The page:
Open Source Initiative (OSI) president Simon Phipps has posted a brief announcement on the OSI blog describing upcoming changes to the OSI governance process and the makeup of the board. "One of the ways we're turning OSI into a member organisation is to gradually replace the Board with member-selected directors. This process started last year when OSI's Affiliate members -- non-profit organizations themselves -- selected candidates for the Board." Two new vacancies on the board will be filled by election, and the OSI board is meeting in Washington DC next week to discuss further changes. Phipps notes: "If you would like to meet them, please come to OSI's DC Metro Open Source Community Summit on May 10."
Debian has updated stunnel4 (code execution).
Mageia has updated apache-mod_security (information disclosure), clamav (multiple vulnerabilities), drupal (denial of service), java-1.7.0-openjdek (multiple vulnerabilities), krb5 (denial of service), phpmyadmin (multiple vulnerabilities), qemu (information disclosure), roundcubemail (information disclosure), subversion (multiple vulnerabilities), util-linux (information disclosure), and webmin (multiple vulnerabilities).
Mandriva has updated phpmyadmin (multiple vulnerabilities).
Ubuntu has updated kernel (multiple vulnerabilities).
This year's edition of the Linux Plumbers Conference (LPC) will be held September 18-20 in New Orleans, Louisiana, overlapping the last day of LinuxCon North America. Early registration for LPC ends on May 12 and the deadline for refereed paper proposals is June 17. The program committee has started approving microconference tracks, but it is not too late propose additional microconference topics.
openSUSE has updated icedtea-web (12.1: two vulnerabilities).
Ubuntu has updated kernel (12.04: multiple vulnerabilities), OMAP4 kernel (12.04: multiple vulnerabilities), Quantal HWE kernel (12.04: multiple vulnerabilities), kernel (12.10: multiple vulnerabilities), and OMAP4 kernel (12.10: multiple vulnerabilities).
The Google Open Source Blog announces the contribution of Adobe's Compact Font Format rasterizer to the FreeType project. "CFF fonts are capable of very high quality display but the technology places the burden for this display quality on the text rasterizer instead of on the font as is done in TrueType. The new Adobe CFF engine brings that high quality rasterizer support to FreeType." More information can also be found in Adobe's announcement.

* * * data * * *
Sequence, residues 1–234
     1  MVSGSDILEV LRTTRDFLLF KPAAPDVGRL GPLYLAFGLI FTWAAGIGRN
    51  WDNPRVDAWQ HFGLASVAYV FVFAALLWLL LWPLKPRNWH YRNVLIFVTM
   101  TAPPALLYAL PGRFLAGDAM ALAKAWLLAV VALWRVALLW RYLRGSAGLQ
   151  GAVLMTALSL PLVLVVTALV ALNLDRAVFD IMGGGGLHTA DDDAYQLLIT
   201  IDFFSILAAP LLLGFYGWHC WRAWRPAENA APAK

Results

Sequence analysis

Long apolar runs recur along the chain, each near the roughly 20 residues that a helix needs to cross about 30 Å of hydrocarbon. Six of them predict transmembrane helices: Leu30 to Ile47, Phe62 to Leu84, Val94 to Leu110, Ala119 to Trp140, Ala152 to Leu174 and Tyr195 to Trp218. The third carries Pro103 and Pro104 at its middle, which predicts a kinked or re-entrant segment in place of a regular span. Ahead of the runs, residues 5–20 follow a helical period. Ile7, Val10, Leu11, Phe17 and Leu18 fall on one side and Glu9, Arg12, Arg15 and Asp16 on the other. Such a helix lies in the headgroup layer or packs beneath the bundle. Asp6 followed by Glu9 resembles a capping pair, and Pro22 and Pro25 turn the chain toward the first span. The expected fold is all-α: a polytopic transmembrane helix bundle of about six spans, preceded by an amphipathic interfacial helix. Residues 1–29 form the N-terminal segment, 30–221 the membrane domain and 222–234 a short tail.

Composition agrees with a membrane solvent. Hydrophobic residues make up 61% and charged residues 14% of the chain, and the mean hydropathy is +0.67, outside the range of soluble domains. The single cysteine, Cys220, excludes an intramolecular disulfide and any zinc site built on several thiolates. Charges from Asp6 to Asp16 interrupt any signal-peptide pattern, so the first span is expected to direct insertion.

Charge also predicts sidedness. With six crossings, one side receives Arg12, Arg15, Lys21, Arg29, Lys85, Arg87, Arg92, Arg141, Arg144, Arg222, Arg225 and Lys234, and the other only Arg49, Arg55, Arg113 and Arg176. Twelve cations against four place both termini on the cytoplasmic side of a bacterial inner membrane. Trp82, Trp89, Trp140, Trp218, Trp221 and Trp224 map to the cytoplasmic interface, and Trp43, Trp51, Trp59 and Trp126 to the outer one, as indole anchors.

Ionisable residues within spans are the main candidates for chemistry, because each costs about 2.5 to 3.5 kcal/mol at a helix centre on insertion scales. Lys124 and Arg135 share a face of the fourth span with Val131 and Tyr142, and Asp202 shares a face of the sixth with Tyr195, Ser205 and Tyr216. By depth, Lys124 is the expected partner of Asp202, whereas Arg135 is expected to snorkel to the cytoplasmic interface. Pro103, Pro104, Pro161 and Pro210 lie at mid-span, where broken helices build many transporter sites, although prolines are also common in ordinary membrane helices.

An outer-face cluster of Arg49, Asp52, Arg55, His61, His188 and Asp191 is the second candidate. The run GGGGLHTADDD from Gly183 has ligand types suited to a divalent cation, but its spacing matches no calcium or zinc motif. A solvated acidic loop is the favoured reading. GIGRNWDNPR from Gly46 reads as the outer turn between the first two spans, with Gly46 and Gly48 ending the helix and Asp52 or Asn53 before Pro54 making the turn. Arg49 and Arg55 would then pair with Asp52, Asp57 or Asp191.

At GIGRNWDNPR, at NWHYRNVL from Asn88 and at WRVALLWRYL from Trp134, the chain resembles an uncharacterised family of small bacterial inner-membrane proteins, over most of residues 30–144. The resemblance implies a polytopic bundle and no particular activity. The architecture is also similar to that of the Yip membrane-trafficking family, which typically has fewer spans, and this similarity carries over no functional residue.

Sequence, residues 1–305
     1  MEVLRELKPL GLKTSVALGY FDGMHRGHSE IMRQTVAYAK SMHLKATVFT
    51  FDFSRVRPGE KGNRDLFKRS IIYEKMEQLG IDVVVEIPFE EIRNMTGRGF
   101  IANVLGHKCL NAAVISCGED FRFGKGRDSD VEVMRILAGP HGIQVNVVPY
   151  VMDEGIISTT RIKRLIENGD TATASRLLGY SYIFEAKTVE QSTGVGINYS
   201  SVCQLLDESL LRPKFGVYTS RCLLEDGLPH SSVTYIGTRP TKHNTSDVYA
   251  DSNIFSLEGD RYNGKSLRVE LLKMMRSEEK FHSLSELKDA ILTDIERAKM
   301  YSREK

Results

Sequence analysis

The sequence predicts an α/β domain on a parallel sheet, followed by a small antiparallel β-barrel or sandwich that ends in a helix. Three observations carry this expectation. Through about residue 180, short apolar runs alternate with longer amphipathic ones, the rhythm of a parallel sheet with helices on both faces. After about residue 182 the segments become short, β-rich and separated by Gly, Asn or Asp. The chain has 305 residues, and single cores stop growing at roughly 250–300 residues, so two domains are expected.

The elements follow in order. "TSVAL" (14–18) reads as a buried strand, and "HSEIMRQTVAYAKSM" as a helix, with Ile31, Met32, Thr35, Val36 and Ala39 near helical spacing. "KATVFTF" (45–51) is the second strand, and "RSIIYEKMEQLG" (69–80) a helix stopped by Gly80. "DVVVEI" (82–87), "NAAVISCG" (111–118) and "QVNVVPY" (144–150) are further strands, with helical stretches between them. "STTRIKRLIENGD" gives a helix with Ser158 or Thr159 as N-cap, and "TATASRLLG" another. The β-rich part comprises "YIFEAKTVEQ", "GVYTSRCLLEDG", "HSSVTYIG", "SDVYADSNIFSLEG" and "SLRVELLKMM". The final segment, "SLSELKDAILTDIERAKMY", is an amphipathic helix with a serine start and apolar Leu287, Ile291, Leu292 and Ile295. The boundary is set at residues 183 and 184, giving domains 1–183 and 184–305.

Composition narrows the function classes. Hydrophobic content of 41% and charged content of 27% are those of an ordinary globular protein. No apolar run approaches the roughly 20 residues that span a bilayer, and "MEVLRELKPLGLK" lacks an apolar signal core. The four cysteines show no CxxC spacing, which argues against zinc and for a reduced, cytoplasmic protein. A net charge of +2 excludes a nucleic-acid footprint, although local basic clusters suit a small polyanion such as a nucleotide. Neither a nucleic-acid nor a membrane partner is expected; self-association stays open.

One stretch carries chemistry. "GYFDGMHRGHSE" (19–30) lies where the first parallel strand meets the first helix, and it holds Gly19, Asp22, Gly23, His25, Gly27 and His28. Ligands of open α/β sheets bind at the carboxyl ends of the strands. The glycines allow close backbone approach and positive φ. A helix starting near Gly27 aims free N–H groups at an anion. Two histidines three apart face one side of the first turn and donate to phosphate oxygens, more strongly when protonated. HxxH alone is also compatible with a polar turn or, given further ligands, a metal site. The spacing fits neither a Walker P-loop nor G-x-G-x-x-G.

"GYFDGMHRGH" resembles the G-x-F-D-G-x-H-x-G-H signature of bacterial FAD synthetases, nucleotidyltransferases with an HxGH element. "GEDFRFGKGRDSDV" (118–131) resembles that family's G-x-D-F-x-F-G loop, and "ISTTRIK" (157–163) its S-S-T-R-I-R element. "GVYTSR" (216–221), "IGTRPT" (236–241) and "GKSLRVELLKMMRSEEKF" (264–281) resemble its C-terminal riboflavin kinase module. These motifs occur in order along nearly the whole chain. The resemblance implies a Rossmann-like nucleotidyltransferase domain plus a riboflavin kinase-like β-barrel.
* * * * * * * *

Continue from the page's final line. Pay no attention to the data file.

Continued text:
The LWN.net Weekly Edition for May 2, 2013 is available.
OpenBSD 5.3 has been released. The release announcement (click below) contains a lengthy list of new features and improvements.
The Software Freedom Conservancy has announced a campaign to raise money and hire a developer to produce a useful, free-software accounting system aimed at the needs of non-profit organizations. "Indeed, Conservancy reached out into the broader fiscal sponsorship community beyond the FLOSS NPO community and discovered that many larger fiscal sponsors — even those willing to use proprietary components — have cobbled together their own unique systems, idiosyncratically tailored to their specific environments. Thus, good, well-designed, and reusable accounting software for non-profit fiscal sponsorship is not just missing in the software freedom community; it's missing altogether." The goal is to raise $75,000 for the first year's worth of work.
Greg KH has released a new set of stable kernels; 3.8.11, 3.4.43, and 3.0.76. As usual, these releases contain many important fixes.
Since the advent of object-oriented programming languages around the time of Smalltalk in the 1970s, inheritance has been a mainstay of the object-oriented vision. It is therefore a little surprising that both "Go" and "Rust" — two relatively new languages which support object-oriented programming — manage to avoid mentioning it. In this subscriber-only article, Neil Brown looks at how this classic object-oriented concept has evolved in two recent languages.